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About Rusa
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Years ago on a visit to Poronui I photographed an inquisitive rusa spiker at point blank range. He was the only rusa I saw that trip but my guide Mark said the species was well acclimatised though wary. Zoom forward to the present and on a recent hunt on Poronui I saw over fifty individual animals. Rusa weren’t my target species so I wasn’t even glassing specifically for them. They are clearly doing very well and are now an obvious and extremely successful big game species throughout the Poronui hunting estate. What struck me immediately on my recent trip was the number of rusa I was seeing, the impressive physical condition of the animals, and the number of adult trophy quality stags spotted. The photographs accompanying this article show some of what I observed. The rut goes from mid-July to August so this period is the time to book a trophy rusa stag hunt. Other game present is red, sika, fallow and sambar.

Rusa like sun so on my latest visit there were small mobs of rusa (three to five animals) feeding and resting on most north facing clearings. Rusa were originally introduced from New Caledonia, a country with a huge population of wild rusa. Trophy quality there is very good so the genes in the deer living on Poronui are excellent.

Rusa stag antlers consist of six tines, with length, weight and even shape determining quality. Of these factors length is the most obvious trait, the longer the better and a top shelf stag can scratch his tail when he roars. Shooting a big stag can be quite opportunistic, with the lucky hunter being in the right place (hunting Poronui) at the right time (a stag venturing into the open). Certain spots always hold stags but this deer species is wary and retreats quickly to thick cover when disturbed. In New Caledonia I remember seeing a stag hide in a pond when hunting dogs were nearby. It retreated to deep water and lay down with only its nose above the surface. The dogs lost the scent and gave up the hunt. When the coast was clear the deer stood up and snuck away into the scrub. Rusa stags have a reputation for toughness. They fight each other violently, and are a hard deer to kill outright. When disturbed they lower their outline and scuttle away similar to a pig.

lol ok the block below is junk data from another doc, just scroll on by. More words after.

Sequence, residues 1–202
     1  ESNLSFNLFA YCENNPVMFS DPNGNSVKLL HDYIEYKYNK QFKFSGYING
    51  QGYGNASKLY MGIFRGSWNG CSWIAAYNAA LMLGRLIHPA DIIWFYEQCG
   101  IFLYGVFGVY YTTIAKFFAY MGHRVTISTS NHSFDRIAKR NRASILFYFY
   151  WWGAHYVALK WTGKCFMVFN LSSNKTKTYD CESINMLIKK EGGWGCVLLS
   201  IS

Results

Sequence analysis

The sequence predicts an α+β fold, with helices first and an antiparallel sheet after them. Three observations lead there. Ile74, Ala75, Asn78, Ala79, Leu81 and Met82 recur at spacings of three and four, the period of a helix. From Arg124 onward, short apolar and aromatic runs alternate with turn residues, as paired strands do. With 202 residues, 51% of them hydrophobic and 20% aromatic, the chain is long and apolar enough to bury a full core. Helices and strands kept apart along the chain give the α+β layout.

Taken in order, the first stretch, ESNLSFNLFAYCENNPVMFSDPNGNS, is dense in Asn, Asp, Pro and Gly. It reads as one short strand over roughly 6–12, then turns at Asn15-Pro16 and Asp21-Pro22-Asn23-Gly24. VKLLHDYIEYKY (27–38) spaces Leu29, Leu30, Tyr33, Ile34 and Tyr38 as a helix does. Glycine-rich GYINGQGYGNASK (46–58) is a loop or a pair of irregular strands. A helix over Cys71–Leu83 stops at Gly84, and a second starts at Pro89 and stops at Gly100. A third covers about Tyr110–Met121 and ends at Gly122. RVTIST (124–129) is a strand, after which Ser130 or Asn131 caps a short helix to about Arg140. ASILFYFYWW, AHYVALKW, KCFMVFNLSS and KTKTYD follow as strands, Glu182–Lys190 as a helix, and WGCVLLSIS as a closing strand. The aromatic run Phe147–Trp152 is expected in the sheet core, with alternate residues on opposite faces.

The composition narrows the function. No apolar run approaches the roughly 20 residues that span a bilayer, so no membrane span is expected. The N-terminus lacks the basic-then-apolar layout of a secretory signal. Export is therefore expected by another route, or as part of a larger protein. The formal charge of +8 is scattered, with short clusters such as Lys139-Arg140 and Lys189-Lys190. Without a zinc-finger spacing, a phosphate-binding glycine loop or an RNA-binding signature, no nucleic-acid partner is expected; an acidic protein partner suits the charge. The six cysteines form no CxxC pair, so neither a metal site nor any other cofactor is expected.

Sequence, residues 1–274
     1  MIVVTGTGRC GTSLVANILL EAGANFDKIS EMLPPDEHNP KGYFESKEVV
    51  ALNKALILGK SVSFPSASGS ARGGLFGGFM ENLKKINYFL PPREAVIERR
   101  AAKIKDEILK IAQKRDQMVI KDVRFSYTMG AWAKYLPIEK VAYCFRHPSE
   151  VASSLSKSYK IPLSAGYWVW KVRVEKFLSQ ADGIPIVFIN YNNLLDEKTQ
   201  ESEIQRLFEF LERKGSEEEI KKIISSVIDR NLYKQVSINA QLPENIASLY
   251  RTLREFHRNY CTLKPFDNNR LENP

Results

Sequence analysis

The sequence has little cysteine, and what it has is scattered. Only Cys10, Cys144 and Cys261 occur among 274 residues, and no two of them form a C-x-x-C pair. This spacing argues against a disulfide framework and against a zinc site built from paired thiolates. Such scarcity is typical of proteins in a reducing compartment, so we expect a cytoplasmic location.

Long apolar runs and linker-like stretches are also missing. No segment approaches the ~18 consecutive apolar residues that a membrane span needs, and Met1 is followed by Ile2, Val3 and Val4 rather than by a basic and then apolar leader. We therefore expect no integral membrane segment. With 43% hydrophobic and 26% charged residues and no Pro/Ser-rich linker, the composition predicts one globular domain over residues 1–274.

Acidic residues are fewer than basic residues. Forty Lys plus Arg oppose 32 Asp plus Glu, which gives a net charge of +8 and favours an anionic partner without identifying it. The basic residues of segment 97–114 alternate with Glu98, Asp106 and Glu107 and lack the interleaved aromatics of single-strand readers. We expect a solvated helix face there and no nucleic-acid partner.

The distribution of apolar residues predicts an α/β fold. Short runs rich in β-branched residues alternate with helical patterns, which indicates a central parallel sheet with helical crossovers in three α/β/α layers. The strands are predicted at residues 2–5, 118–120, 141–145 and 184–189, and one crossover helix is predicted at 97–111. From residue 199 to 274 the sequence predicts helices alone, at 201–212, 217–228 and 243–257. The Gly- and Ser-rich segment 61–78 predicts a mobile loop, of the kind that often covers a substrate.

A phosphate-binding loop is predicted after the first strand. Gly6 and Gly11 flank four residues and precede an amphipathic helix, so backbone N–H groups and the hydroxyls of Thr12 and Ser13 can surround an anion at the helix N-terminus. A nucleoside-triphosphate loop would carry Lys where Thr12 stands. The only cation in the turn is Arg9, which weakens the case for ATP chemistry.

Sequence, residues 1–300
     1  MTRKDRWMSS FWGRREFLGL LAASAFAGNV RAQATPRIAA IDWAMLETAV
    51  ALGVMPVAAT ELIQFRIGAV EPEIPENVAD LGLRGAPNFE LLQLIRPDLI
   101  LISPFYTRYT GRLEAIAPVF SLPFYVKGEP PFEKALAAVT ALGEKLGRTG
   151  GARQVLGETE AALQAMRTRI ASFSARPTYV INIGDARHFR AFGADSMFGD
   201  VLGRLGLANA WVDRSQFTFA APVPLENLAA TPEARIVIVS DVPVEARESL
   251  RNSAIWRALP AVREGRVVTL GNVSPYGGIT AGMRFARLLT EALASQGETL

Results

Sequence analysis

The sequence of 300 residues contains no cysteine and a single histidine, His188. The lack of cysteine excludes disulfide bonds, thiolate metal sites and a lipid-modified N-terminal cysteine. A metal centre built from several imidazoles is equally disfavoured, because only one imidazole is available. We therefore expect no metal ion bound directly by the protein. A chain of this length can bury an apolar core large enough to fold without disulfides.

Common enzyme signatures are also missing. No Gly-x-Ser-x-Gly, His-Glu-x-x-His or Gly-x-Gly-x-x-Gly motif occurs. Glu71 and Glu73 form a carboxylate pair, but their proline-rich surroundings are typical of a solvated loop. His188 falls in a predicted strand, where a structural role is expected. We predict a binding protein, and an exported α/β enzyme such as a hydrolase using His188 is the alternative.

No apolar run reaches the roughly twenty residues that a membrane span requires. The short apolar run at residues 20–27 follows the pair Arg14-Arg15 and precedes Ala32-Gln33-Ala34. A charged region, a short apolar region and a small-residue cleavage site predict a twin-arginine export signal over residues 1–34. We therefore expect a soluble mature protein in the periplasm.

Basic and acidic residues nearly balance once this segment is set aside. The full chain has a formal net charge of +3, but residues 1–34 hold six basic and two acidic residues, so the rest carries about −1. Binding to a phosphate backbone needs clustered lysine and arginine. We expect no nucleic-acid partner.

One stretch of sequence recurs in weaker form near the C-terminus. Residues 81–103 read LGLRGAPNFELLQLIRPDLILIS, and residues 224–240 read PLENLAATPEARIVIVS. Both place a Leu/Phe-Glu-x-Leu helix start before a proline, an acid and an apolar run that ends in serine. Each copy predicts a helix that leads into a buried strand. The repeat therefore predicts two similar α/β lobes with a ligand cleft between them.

Most rifle shots are taken at long range, as stalking in is very difficult. They are a very tight herd animal and watch out for each other when in the open. Once spooked, they vocalise and head for cover, and once out of sight watch their back trail for some time before relaxing. The gallery of shot stags taken on Poronui show continual improvement as many mature stags now have plenty of age behind them.

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